On the recovery side, creating a runbook to guide you through the recovery process is highly recommended, this helps to ensure your backups are actually achieving their purpose and can be restored successfully. In addition to this, simulating game days where you execute the recovery strategy is equally important, as it helps to ensure that you can comfortably meet your RTO and RPO objectives defined for your database and applications. 

How Caylent can help you migrate to Aurora

Now that you have an understanding of what a migration process to Aurora MySQL can look like, you can see it’s by no means a simple process but it’s certainly one that can provide you with immense opportunities as you continue on your data modernization journey.  

If you are looking to modernize your data infrastructure but are unsure where to start, get in touch with our data engineering experts at Caylent to see how we can help you to design and implement a scalable and performant Aurora solution. 

Data Modernization & Analytics

Learn more about the services mentioned

Caylent Services

Data Modernization & Analytics

From implementing data lakes and migrating off commercial databases to optimizing data flows between systems, turn your data into insights with AWS cloud native data services.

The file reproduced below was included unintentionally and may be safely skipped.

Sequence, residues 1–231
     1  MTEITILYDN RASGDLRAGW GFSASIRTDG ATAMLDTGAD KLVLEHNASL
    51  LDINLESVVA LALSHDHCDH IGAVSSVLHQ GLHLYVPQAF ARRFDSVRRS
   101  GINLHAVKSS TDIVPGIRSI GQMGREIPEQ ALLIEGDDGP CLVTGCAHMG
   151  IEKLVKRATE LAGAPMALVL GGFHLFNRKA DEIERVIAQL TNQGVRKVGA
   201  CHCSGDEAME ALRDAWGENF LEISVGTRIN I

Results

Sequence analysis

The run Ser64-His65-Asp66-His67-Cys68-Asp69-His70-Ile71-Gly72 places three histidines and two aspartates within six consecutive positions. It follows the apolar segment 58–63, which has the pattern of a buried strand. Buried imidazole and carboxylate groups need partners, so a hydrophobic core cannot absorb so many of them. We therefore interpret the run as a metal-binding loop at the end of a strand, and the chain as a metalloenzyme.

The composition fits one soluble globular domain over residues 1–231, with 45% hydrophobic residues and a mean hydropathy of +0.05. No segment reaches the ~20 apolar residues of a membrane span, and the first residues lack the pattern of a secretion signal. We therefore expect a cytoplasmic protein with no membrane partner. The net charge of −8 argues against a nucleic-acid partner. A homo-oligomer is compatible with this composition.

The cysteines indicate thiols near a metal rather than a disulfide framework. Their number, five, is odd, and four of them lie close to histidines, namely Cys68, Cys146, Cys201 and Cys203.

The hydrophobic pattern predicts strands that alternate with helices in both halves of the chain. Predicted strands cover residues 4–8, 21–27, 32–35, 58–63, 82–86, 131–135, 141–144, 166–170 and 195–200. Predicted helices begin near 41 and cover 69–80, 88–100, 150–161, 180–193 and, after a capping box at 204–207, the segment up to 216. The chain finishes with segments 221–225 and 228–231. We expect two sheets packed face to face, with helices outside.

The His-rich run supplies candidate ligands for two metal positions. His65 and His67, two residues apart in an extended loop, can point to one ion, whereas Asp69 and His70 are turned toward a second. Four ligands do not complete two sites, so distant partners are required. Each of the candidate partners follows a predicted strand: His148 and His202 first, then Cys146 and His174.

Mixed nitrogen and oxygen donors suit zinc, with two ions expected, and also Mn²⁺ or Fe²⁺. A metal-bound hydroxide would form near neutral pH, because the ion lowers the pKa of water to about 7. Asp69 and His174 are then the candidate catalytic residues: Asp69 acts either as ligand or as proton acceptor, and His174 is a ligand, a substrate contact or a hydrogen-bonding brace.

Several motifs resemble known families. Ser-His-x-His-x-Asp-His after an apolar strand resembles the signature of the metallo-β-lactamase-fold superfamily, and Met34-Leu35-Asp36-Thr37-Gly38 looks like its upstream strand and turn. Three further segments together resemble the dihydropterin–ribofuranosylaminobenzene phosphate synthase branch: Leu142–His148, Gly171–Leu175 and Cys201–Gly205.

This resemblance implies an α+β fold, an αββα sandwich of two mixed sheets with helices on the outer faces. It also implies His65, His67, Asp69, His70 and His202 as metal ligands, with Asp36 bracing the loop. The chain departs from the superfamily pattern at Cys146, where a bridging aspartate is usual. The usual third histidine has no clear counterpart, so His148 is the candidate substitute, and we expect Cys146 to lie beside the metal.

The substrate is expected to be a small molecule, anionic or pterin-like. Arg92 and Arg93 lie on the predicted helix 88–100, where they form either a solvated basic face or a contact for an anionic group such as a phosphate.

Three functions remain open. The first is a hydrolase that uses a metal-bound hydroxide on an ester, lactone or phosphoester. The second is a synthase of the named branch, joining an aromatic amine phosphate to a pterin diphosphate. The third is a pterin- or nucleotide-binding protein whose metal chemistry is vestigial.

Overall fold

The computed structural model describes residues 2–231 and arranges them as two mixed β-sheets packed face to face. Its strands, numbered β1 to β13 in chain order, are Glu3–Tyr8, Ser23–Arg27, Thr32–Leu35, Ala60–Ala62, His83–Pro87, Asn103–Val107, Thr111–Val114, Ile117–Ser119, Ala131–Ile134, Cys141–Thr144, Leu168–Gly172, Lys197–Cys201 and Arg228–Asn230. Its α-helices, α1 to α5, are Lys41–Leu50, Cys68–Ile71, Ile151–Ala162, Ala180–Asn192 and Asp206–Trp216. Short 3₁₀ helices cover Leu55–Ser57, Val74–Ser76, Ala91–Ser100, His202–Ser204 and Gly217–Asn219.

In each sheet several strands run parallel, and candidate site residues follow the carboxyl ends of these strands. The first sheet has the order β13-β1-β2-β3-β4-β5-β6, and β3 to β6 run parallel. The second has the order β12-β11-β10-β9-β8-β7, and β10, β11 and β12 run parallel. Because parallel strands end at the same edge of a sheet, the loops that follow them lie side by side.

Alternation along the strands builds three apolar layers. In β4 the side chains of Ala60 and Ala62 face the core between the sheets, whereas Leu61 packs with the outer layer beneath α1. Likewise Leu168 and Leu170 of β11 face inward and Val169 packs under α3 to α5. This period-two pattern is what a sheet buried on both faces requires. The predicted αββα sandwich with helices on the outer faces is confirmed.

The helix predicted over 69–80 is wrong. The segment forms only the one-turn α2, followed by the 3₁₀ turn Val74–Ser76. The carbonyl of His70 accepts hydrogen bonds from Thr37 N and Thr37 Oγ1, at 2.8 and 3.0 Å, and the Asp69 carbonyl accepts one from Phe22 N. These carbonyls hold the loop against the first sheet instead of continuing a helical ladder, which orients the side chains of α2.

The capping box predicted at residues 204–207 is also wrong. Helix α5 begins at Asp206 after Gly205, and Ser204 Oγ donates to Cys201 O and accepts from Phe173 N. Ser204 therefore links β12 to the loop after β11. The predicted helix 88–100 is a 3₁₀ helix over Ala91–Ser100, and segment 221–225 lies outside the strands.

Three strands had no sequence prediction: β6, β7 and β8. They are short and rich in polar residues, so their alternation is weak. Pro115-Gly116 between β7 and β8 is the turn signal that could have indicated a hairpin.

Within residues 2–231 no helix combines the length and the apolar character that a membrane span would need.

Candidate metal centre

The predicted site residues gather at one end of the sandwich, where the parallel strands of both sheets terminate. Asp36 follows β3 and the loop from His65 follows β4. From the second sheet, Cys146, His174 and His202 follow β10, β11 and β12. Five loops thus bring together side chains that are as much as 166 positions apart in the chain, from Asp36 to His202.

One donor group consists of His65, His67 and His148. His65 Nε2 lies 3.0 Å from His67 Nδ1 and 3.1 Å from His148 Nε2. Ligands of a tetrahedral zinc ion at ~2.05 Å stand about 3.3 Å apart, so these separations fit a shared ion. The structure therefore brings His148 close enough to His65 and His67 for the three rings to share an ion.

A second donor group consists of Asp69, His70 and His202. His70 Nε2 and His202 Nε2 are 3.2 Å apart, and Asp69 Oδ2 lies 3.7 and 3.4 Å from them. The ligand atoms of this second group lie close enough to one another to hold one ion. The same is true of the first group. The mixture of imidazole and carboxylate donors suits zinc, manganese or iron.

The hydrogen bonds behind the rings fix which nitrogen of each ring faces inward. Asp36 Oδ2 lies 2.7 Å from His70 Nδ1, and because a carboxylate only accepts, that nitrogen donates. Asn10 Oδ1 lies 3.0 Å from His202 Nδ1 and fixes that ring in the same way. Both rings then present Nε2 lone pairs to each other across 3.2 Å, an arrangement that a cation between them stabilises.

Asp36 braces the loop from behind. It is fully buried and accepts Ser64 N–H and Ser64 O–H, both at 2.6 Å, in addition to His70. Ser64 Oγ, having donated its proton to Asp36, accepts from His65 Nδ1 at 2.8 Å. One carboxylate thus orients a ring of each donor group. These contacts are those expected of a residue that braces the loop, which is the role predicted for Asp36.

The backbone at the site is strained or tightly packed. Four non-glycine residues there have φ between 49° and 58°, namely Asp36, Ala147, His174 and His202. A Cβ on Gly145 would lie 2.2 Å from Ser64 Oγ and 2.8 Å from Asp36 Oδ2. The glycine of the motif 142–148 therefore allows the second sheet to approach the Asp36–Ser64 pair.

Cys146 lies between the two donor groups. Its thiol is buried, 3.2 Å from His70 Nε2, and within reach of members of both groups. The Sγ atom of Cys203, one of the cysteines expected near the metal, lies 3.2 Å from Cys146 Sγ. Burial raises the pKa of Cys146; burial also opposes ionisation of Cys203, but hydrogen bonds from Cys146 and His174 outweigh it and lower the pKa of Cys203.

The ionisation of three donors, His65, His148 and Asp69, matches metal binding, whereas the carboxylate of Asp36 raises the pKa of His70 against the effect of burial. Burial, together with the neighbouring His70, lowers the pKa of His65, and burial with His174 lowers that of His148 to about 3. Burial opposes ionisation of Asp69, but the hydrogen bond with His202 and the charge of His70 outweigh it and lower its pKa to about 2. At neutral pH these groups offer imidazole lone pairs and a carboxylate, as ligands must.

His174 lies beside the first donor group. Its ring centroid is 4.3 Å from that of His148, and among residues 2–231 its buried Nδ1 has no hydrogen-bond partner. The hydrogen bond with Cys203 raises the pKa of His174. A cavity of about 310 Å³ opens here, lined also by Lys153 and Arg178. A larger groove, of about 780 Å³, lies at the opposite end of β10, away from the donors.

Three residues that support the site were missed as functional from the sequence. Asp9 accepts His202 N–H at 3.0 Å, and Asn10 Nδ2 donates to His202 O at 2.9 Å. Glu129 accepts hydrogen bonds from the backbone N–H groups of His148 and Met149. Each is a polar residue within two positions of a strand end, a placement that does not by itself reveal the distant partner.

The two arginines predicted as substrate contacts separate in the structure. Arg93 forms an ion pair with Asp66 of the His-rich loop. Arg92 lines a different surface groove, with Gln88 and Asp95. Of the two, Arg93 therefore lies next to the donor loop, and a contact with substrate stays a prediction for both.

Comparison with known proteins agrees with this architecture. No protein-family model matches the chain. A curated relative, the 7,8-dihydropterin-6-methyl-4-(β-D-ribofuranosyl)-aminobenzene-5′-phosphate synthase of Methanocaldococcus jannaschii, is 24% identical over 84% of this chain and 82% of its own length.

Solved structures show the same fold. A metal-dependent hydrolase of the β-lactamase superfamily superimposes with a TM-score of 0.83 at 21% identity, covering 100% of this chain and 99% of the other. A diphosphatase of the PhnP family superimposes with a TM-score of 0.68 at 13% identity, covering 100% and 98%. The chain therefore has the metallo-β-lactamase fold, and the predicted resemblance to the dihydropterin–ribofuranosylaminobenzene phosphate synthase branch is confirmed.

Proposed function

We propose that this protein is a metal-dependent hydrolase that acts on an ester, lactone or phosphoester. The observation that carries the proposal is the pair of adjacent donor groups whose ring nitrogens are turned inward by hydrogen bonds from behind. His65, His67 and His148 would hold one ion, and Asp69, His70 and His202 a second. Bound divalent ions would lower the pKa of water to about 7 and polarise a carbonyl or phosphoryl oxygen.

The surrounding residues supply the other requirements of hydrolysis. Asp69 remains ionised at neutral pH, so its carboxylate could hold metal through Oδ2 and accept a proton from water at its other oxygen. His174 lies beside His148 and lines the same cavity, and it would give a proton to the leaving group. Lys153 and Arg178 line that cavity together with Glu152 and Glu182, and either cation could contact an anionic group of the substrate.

Accelerate your cloud native journey

Leveraging our deep experience and patterns

Get in touch

Related Blog Posts

Securing Sensitive Data: A Deep Dive into PII Protection with OpenSearch

Learn how organizations can protect sensitive data using Amazon OpenSearch's security features like fine-grained access controls, encryption, authentication, and audit logging.

Data Modernization & Analytics

re:Invent 2023 Data Session Summaries

Get up to speed on all the data focused 300 and 400 level sessions from re:Invent 2023!

Cloud Technology
Data Modernization & Analytics

Amazon Bedrock vs SageMaker JumpStart

Learn about the differences in how Amazon Bedrock and SageMaker JumpStart help you approach foundation model training for GenerativeAI Use cases on AWS.

Artificial Intelligence & MLOps
Data Modernization & Analytics